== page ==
A short description of the beer branding study, the abstract, is provided by the journal:  

In order for consumers to connect emotionally with brands, brands must be transformed from inanimate entities into the realm of acquiring human characteristics. Following a review of more than 1000 breweries from online sources and beer companion books, we explore how a sense of place, derived from myths, folklores, and heroes, enables marketers and consumers to co-create narratives that humanise brands. We add to the theory on brand humanisation as we conclude that a sense of place offers a novel, and different, approach to humanisation strategies based on anthropomorphisation, personification, and user imagery, but can also operate in tandem with them. Further research is recommended to understand how and why consumers respond to branding strategies that use a sense of place to humanise brands.

18 February 2013

TTBOOK goes Back to the Land, Again.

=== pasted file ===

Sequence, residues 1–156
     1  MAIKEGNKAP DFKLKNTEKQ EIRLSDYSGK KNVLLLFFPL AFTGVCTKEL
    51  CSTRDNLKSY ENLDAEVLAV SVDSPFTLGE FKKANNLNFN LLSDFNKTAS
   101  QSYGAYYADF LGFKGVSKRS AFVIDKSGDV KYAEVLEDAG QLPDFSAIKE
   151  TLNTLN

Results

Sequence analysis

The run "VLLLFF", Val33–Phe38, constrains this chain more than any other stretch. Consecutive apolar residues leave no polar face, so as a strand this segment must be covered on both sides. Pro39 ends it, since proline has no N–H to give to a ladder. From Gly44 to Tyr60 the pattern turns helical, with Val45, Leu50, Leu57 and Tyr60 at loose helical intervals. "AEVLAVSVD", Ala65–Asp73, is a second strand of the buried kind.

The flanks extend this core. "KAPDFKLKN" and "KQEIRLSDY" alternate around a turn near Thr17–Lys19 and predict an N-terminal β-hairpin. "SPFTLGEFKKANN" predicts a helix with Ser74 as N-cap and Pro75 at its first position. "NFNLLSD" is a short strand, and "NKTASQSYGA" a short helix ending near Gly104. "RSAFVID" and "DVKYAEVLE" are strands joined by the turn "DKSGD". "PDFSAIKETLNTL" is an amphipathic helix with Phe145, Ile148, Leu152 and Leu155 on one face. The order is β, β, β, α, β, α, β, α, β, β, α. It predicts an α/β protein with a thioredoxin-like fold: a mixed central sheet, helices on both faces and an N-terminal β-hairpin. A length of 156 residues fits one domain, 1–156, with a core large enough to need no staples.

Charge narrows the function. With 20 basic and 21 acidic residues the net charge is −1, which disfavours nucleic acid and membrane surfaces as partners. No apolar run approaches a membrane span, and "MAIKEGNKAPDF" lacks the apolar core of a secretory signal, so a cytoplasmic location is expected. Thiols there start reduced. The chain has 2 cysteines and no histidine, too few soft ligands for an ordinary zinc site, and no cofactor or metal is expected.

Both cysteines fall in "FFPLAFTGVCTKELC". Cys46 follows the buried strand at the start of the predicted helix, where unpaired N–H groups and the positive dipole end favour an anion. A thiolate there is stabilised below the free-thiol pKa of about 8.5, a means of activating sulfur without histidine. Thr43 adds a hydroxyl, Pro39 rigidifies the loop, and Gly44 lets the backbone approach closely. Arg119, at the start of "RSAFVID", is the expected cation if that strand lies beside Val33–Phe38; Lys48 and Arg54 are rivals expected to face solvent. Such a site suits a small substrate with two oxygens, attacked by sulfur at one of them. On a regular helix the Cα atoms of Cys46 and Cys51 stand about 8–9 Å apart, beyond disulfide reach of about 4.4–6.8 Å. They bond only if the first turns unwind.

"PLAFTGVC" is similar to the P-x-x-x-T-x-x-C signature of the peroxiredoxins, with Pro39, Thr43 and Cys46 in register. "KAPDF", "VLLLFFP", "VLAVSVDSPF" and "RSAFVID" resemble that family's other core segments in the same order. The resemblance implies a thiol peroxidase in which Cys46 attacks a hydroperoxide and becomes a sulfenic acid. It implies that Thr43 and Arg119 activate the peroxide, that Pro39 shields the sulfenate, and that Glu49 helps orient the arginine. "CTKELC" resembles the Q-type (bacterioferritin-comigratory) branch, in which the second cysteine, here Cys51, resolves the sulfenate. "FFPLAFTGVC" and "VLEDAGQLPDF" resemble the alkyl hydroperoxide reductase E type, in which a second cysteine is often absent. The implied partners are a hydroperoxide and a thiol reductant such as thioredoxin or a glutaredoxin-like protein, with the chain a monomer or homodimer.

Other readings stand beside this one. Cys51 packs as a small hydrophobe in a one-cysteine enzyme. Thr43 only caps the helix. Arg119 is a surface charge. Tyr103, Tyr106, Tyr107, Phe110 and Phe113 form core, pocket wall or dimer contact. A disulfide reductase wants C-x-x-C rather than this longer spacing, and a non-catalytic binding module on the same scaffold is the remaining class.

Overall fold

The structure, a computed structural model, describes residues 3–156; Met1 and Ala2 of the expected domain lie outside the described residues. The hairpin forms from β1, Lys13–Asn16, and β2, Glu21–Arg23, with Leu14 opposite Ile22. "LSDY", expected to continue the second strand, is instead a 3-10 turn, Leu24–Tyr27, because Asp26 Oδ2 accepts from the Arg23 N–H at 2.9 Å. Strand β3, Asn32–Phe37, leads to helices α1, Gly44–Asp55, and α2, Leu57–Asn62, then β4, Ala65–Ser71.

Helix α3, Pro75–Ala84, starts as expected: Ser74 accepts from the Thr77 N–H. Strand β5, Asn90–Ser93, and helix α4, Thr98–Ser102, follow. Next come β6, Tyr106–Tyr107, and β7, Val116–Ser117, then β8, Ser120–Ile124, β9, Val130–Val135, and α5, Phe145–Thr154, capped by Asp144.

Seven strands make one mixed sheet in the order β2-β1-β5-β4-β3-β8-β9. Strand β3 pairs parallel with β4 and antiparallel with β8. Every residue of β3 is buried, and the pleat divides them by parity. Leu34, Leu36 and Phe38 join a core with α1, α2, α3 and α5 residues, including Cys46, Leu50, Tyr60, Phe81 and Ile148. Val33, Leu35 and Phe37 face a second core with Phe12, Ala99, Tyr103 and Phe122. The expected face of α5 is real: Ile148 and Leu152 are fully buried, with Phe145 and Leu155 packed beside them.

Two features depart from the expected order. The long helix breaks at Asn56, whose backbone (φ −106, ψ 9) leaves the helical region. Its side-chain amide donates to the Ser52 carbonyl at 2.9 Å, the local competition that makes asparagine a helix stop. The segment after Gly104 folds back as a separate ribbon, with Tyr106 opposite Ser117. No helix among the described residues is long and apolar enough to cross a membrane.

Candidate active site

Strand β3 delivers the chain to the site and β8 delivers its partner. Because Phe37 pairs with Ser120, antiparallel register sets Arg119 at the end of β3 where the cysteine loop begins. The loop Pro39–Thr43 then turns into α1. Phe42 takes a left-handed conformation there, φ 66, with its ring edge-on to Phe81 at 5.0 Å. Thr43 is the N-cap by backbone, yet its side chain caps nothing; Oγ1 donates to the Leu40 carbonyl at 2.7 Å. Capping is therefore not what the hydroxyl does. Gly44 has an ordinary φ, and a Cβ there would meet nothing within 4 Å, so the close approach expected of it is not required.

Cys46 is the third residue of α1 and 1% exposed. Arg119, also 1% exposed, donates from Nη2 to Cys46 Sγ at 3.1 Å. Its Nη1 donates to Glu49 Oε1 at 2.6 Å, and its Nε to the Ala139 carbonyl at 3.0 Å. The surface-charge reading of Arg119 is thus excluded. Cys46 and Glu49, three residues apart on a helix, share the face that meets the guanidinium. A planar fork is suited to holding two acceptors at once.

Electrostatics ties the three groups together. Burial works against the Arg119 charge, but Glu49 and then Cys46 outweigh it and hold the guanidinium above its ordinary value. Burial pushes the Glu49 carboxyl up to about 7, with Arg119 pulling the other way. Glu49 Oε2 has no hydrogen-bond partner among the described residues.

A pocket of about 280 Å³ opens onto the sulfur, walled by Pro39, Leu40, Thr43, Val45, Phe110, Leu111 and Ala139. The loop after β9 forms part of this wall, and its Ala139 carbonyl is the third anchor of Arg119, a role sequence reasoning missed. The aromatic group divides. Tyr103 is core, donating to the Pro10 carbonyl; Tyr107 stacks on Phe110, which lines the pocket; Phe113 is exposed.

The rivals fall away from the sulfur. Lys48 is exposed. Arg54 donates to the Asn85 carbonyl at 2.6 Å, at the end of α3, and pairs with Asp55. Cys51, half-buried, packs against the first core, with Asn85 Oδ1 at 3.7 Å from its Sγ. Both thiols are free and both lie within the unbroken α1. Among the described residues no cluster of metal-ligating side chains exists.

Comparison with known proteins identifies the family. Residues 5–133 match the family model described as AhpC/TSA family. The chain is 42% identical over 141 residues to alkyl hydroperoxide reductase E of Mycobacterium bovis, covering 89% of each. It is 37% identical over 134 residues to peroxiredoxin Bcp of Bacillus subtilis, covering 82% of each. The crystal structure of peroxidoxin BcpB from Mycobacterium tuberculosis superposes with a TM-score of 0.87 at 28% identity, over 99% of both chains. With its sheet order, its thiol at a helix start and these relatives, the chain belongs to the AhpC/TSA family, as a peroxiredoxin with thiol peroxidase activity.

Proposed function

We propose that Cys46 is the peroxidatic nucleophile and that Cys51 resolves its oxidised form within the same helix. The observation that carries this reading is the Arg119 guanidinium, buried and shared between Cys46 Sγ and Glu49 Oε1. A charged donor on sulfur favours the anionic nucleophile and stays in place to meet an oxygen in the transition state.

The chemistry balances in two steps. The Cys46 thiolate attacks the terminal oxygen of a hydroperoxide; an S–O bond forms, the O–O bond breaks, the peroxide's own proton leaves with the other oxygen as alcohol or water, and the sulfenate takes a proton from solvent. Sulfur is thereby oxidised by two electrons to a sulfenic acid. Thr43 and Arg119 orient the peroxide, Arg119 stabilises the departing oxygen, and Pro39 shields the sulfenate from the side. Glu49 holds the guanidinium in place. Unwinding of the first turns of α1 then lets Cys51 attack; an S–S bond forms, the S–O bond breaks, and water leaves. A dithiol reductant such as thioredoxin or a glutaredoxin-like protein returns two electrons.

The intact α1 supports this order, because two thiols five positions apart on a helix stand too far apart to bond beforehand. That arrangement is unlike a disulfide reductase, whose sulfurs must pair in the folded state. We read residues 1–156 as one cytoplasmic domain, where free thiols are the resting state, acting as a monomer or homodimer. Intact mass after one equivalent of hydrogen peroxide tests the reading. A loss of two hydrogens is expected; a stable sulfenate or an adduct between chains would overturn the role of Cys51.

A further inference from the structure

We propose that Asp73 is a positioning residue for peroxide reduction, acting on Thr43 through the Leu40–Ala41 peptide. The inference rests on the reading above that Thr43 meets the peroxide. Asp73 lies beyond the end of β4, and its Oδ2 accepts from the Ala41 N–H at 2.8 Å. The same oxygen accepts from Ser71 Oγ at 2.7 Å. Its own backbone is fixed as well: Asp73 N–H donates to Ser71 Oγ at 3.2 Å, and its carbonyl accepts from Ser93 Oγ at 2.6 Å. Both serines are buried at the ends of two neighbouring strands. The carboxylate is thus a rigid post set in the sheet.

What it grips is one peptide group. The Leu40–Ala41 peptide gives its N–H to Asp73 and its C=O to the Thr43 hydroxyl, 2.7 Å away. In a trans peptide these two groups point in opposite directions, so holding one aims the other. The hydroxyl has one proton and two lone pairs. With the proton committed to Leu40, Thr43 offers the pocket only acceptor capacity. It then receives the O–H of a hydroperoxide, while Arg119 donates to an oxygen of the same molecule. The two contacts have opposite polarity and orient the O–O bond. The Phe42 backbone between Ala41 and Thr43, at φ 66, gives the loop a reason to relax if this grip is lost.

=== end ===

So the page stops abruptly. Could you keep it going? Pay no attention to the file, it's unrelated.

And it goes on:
Over the weekend I heard a great segment from To The Best Of Our Knowledge (TTBOOK). To say there's been a great segment on TTBOOK is redundant, of course, but this one caught my ear because of its focus on connection to land as a mechanism for personal change.

Here, TTBOOK goes Back to the Land.

From growing up as a child of the Back to the Land movement of the 1960s, connected directly to Helen and Scott Nearing (the somewhat stern grandparents of that particular movement), to the growing recognition of the immensity of food waste in America, this four-segment broadcast covers a lot of ground. Literally.

Imagine living in a 12' x 12' shack in back-country North Carolina or taking on with grand naivete a transcendent, blister-inducing journey along the Pacific Crest Trail. The folks at TTBOOK go from subsistence living to an immense journey of pure determination.

New York City resident William Powers found himself with the chance to live in a cabin for a few months (and then wrote a book about it) while Cheryl Strayed is featured in the final segment, talking about her book Wild and the story behind the story which has now become the story after the story behind the story. Don't think about it. Just listen.

15 February 2013

Voices of Green Fire: Connecting City and Country

The Aldo Leopold Foundation's YouTube channel is a great resource for information on Leopold and his incredible legacy.

This new video, Voices of Green Fire: Connecting City and Country, builds off of the inspiring dialogue heard in the Green Fire documentary. Take a ten minute break and enjoy!

11 February 2013

The push-pull of Environmental Communication